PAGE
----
2

The matrices $\sigma_0\equiv \boldsymbol{1}_2$, $\sigma_x$, $\sigma_y$ and $\sigma_z$ form an orthonormal basis of your vector space w.r.t. the scalar product $$ (X,Y) \equiv \frac{1}{2}\operatorname{tr}(X\cdot Y), $$ where $X$ and $Y$ label any two complex $2\times 2$ matrices. The factor $1/2$ is just for convenience, you may as well normalise your ...


2

I'm not sure if the following is the main issue, but OP writes in the question formulation (v1): [...] $c_{ij}(t)$ is symmetric [...] The coefficient $c_{ij}$ is only $i\leftrightarrow j$ symmetric in case of bosons. In case of fermions, the coefficient $c_{ij}$ is $i\leftrightarrow j$ antisymmetric.


1

It turned out that some time away from my desk was what I needed to escape from this "Panic! I can no longer do any physics!" maze. Well, then for those who might be interested and for those who might tracked down some errors, here is my development. For the first quantization : \begin{equation} <a b ∣ V(r) ∣ cd > = \frac{1}{2} \Bigg[ \int d^3 r_1 ...


1

Now that there's an answer in traditional index notation, here's an alternative perspective from geometric algebra. You have some bivector $S = u \wedge v$ and its dual $\bar S = i (u \wedge v)$, where $i$ is the spacetime pseudoscalar. $\bar S$ is an oriented plane that is entirely orthogonal to $S$. In GA, the quantity you describe would just be denoted ...


1

The question formulation (v2) seems to mix the notions of invariant and covariant, which essentially is also the main point of user1504's answer (v1). Let's say we have a group $G$. The group $G$ could e.g. be a finite group or a Lie group. When we say that a theory is invariant under $G$, it normally implies at least two things. The group $G$ acts on ...


1

A finite-dimensional matrix always has a discrete spectrum. For continuous quantities one needs operators with a continuous spectrum, which therefore must act on an infinite-dimensional space. Examples are the multiplication operator or the differentiation operator in the space of sufficiently nice square integrable functions of a real variable. (This ...


1

Applying $\hat p$ to a Hamiltonian eigenfunction gives another state indeed, but this state can be decomposed in the eigenstates of the Hamiltonian. Numerically it is good everywhere except, maybe, the boundary points, so for integration purposes such a decomposition (superposition) is good. You did not obtain a diagonal matrix exclusively because you took a ...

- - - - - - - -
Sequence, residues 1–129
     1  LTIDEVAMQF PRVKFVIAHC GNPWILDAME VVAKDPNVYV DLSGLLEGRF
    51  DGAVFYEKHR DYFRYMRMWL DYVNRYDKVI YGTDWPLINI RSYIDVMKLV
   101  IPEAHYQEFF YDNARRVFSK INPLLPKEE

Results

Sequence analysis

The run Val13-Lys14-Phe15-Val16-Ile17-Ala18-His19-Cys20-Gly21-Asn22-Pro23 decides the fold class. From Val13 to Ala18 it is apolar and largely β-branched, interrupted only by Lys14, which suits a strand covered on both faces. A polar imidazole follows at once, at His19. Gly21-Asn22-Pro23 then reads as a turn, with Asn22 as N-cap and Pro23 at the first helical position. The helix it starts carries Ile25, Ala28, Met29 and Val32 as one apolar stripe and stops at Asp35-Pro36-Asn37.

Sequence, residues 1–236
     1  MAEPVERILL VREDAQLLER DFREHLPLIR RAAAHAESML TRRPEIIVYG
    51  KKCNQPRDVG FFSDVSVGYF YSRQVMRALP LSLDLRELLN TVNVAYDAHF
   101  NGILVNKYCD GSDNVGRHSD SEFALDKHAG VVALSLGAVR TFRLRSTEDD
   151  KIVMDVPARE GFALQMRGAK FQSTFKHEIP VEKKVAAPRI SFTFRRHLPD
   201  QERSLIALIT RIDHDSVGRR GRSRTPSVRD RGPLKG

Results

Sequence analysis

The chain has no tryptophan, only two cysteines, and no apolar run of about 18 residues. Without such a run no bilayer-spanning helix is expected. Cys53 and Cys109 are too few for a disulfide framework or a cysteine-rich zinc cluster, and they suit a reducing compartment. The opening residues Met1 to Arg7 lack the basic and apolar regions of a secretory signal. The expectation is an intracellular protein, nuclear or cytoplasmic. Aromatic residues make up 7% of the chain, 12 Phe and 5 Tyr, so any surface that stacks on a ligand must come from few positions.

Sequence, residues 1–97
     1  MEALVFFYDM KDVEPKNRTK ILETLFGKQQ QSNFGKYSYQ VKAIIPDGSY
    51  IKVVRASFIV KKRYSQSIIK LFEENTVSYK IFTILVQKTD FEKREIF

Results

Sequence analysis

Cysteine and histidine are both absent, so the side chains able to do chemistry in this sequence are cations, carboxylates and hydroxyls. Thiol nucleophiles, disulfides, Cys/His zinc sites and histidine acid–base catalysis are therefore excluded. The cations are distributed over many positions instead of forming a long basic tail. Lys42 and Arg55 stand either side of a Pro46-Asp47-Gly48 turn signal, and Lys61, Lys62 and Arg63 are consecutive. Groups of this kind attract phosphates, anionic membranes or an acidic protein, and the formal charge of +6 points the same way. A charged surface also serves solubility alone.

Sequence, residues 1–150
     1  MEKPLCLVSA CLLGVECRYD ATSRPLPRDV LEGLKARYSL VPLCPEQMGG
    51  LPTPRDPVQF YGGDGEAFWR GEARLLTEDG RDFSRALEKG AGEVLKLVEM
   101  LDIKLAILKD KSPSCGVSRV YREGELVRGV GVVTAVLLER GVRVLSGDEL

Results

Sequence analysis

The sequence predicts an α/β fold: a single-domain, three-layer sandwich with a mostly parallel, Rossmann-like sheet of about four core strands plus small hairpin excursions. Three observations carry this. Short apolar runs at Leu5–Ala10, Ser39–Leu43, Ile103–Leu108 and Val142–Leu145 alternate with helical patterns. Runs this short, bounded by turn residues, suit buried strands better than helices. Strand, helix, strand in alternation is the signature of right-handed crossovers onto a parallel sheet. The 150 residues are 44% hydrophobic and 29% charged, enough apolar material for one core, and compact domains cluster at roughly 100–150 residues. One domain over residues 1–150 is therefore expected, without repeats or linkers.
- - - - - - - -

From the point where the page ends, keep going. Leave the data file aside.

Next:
1

Focus on the integral $$ I_{ij}(k) = \int k_i k_j\ \mathrm{d}\Omega_k.$$ This is a rank 2 symmetric tensor which can only depend on $\vec{k}$ through its magnitude $k^2$, since the direction has been integrated over. So the only possibility is that $I_{ij}$ is proportional to the unit tensor (Kronecker delta): $$ I_{ij}(k) = f(k^2) \delta_{ij},$$ where ...


1

Note that in the sum $$=\sum_{S_1=\pm 1}...\sum_{S_N=\pm 1}\langle S_2| T_{_{NN}}^{\dagger}|S_1\rangle\langle S_1| T_{_{NNN}}|S_3\rangle\langle S_3| T_{_{NN}}^{\dagger}| S_2\rangle\langle S_2| T_{_{NNN}}|S_4\rangle...\langle S_1| T_{_{NN}}^{\dagger}|S_N\rangle\langle S_N| T_{_{NNN}}|S_2\rangle$$ every pair $|S_i\rangle\langle S_i|$ occurs twice with some ...


1

In this answer we will basically expand on Lubos Motl's correct answer using some other words and introducing some terminology. In the Hermitian one-matrix model, the action $$\tag{1}S~=~ {\rm Tr} L(H)$$ is invariant under adjoint conjugation $$\tag{2} H\to UHU^{-1}$$ with unitary matrices $U$. Eq.(2) here play the role of the gauge ...


1

The matrix you show displays twelve degrees of freedom for two nodes, so six degrees of freedom per node. Transferring this matrix to global coordinates is as if you are rotating the beam (beam length is already included in the matrix). Rotation matrix $R(\vec{\theta})$ can be used to rotate a force $\vec{F}$. You already apply force in global coordinates, ...


1

The solutions these equations give for the angles are different because they are for different rotation sequences. The first set of equations has the subscript xyz and the second has the subscript yxz, so these angles depend on the rotation sequence.


1

Not quite. The matrix elements you are talking about are called "off-diagonal" for obvious reasons: If you'd write down the matrix, these elements would occur somewhere other than on the diagonal. A non-zero off-diagonal element of an operator $B$ does not necessarily mean that you cannot diagonalize $B$ at all. It just means that in the currently used ...